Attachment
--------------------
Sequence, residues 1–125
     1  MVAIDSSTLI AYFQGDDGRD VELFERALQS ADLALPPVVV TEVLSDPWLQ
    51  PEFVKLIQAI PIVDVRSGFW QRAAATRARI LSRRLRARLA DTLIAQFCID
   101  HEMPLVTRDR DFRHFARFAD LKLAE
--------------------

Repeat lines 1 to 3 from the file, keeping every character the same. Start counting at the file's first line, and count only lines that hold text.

Sequence, residues 1–125
     1  MVAIDSSTLI AYFQGDDGRD VELFERALQS ADLALPPVVV TEVLSDPWLQ
    51  PEFVKLIQAI PIVDVRSGFW QRAAATRARI LSRRLRARLA DTLIAQFCID